Hey Jim, I wouldn't worry about that sliding pay scale too much if you're thinking about flat-bed at Western. The short version of the way it works is that you get paid a higher rate per mile for the shorter runs - I don't have the break-down in front of me of how it's structured right now, but I can tell you that if you are a productive OTR flat-bed driver you will very seldom be doing any short runs that even fall into the category that will get the higher pay rates. I've been driving flat-bed for Western for almost a year now, and only twice have I ever had a run that was short enough to get the higher pay rates. I'm on a sixteen hundred mile trip right now, and you will generally be doing 500 plus mile runs in their flat-bed division.

OTR:

Over The Road

OTR driving normally means you'll be hauling freight to various customers throughout your company's hauling region. It often entails being gone from home for two to three weeks at a time.

TWIC:

Transportation Worker Identification Credential

Truck drivers who regularly pick up from or deliver to the shipping ports will often be required to carry a TWIC card.

Your TWIC is a tamper-resistant biometric card which acts as both your identification in secure areas, as well as an indicator of you having passed the necessary security clearance. TWIC cards are valid for five years. The issuance of TWIC cards is overseen by the Transportation Security Administration and the Department of Homeland Security.

Brett Aquila's Comment
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Pay attention to the printed information they hand out, especially the stuff on working load limits of chains, straps, binders, etc

WHOA! Ok, what's it going to take to get my hands on that paperwork? I'd love to throw together a section in the High Road Training Program for flatbed securement!

And seriously, I already have the most priceless picture for the cover page of the flatbed section:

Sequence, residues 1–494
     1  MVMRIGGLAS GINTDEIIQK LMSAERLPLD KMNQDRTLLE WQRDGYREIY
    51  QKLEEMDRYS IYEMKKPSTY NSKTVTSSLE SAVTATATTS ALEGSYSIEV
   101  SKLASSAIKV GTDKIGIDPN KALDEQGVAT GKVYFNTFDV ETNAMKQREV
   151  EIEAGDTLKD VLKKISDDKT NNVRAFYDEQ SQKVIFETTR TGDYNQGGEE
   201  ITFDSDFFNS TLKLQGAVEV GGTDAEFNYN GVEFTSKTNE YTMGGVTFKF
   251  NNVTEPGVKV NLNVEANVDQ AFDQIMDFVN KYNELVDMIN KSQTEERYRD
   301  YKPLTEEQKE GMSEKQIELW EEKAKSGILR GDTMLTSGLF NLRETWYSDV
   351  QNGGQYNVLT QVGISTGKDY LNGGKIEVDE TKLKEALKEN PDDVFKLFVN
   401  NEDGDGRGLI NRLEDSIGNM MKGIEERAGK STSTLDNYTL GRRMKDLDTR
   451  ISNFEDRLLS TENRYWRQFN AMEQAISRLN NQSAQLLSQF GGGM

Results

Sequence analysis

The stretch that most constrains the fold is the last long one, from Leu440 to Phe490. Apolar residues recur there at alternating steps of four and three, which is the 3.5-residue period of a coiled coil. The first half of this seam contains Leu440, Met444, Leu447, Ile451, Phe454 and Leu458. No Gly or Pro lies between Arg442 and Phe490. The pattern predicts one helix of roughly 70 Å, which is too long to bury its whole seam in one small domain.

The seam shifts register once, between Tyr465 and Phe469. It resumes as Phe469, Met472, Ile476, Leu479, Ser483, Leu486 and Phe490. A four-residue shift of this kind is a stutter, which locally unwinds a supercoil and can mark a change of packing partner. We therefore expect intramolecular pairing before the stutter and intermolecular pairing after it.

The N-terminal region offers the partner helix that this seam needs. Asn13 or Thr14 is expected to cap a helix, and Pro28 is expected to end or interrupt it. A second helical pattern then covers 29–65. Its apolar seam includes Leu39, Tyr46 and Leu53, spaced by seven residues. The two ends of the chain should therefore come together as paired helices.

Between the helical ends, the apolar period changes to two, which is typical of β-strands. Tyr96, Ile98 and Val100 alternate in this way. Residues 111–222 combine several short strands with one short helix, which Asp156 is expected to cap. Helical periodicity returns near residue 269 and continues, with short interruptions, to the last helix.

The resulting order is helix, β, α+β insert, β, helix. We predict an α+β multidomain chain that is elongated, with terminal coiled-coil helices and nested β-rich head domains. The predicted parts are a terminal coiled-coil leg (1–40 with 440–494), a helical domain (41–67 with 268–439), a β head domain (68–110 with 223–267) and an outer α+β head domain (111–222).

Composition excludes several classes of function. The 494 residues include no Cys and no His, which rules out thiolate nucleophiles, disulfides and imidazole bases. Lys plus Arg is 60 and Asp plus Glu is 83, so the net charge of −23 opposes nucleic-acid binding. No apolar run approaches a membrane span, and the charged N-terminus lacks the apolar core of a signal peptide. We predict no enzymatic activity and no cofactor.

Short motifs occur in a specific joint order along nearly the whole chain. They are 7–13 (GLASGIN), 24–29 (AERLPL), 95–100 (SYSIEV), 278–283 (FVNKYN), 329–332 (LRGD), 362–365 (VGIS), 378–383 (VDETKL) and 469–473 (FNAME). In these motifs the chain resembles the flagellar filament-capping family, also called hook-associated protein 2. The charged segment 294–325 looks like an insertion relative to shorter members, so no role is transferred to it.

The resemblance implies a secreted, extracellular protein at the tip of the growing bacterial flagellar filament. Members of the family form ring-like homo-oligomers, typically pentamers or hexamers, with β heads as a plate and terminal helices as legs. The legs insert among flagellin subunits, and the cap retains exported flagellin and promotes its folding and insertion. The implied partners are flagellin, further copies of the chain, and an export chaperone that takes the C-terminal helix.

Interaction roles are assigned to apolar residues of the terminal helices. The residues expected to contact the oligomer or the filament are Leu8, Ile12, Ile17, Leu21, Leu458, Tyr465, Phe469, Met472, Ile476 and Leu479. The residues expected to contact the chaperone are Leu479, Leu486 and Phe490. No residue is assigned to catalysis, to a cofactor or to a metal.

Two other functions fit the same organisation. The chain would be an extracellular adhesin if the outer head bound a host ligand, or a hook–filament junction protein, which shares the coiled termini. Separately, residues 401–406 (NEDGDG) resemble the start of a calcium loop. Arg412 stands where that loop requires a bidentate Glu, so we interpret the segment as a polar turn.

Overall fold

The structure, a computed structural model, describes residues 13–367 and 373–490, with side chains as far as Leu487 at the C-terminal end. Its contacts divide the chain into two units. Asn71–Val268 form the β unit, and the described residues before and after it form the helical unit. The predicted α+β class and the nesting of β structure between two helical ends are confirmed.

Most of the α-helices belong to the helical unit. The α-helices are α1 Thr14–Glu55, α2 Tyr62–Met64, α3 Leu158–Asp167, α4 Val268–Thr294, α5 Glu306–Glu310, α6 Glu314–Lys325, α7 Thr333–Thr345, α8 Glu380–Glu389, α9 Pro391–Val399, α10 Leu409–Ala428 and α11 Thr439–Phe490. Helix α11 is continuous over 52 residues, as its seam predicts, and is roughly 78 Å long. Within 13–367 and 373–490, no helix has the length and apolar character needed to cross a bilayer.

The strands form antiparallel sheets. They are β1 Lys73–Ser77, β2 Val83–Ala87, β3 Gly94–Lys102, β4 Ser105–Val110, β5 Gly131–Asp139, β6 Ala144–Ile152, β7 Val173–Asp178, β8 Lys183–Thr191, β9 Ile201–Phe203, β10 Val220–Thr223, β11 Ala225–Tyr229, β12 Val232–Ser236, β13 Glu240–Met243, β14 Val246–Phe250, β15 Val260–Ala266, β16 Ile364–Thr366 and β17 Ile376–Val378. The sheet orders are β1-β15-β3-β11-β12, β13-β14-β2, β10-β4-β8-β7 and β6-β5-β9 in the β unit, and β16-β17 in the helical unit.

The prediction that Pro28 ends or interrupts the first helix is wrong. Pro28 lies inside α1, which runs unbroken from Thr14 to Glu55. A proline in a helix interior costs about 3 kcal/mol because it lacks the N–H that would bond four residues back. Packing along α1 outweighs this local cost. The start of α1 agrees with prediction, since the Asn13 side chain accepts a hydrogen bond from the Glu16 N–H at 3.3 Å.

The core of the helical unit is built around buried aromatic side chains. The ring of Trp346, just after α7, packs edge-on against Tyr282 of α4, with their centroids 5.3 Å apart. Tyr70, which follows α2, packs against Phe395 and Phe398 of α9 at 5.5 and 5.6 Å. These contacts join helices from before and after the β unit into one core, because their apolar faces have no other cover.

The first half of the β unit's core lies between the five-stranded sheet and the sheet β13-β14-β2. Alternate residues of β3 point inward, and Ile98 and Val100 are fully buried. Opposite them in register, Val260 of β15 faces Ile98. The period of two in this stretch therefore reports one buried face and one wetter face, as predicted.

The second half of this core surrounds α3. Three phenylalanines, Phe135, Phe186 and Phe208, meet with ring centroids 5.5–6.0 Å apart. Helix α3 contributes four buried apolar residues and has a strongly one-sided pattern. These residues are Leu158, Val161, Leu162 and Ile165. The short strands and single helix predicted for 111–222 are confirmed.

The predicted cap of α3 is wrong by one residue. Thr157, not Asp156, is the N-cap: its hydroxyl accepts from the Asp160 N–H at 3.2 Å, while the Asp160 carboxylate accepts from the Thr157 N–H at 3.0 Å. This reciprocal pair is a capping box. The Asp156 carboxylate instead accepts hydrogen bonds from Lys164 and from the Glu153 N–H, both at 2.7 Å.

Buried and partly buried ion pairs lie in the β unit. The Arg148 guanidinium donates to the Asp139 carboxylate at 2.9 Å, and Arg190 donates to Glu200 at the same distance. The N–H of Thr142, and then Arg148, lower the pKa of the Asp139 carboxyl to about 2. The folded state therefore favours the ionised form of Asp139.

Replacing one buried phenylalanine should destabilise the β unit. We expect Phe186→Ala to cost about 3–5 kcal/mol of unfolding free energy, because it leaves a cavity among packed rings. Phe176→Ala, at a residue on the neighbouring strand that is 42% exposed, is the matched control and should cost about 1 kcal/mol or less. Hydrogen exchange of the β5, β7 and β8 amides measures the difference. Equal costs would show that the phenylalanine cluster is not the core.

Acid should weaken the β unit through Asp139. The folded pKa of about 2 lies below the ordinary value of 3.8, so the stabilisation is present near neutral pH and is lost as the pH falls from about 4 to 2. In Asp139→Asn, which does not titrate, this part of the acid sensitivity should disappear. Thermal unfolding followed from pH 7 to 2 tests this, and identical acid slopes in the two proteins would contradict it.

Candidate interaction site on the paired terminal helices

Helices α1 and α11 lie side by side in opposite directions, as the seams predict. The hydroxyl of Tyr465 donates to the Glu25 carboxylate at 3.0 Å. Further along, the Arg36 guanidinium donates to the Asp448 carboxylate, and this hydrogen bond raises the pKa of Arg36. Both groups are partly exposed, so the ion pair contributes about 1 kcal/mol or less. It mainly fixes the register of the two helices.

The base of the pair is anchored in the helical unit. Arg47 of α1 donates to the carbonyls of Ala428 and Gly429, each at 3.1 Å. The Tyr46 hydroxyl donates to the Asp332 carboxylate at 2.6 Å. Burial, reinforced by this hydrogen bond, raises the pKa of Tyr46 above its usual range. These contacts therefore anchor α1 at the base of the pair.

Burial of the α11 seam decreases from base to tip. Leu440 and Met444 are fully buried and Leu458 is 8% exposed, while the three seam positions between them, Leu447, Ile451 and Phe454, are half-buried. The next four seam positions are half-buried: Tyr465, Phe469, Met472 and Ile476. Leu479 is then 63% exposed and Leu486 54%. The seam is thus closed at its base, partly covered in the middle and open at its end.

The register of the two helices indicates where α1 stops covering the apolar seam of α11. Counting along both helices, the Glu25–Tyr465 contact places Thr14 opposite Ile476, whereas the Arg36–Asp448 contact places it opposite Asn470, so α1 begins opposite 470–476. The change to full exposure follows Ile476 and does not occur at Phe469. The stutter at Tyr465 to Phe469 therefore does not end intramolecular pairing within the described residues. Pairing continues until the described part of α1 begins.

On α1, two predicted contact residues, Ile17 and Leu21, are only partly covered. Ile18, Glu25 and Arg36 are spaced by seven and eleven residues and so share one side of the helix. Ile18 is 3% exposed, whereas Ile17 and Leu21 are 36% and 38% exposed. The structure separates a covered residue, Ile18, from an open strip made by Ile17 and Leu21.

old bearded truck driver tarping a flatbed in the snow

That picture is just awesome!!

CDL:

Commercial Driver's License (CDL)

A CDL is required to drive any of the following vehicles:

  • Any combination of vehicles with a gross combined weight rating (GCWR) of 26,001 or more pounds, providing the gross vehicle weight rating (GVWR) of the vehicle being towed is in excess of 10,000 pounds.
  • Any single vehicle with a GVWR of 26,001 or more pounds, or any such vehicle towing another not in excess of 10,000 pounds.
  • Any vehicle, regardless of size, designed to transport 16 or more persons, including the driver.
  • Any vehicle required by federal regulations to be placarded while transporting hazardous materials.
Old School's Comment
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I'll see what I can do for ya.

Jim M.'s Comment
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Thanks for easing my mind with that info. Love the pictures by the way, and Brett is right; you (I assume) folding the tarp in the snow is pretty cool... literally.

TailGunner (Ken M)'s Comment
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Yeah, in the summer you can get a 24' tarp rolled up the size of a sleeping bag. Then in the winter you can get it about the size of a Mini Cooper.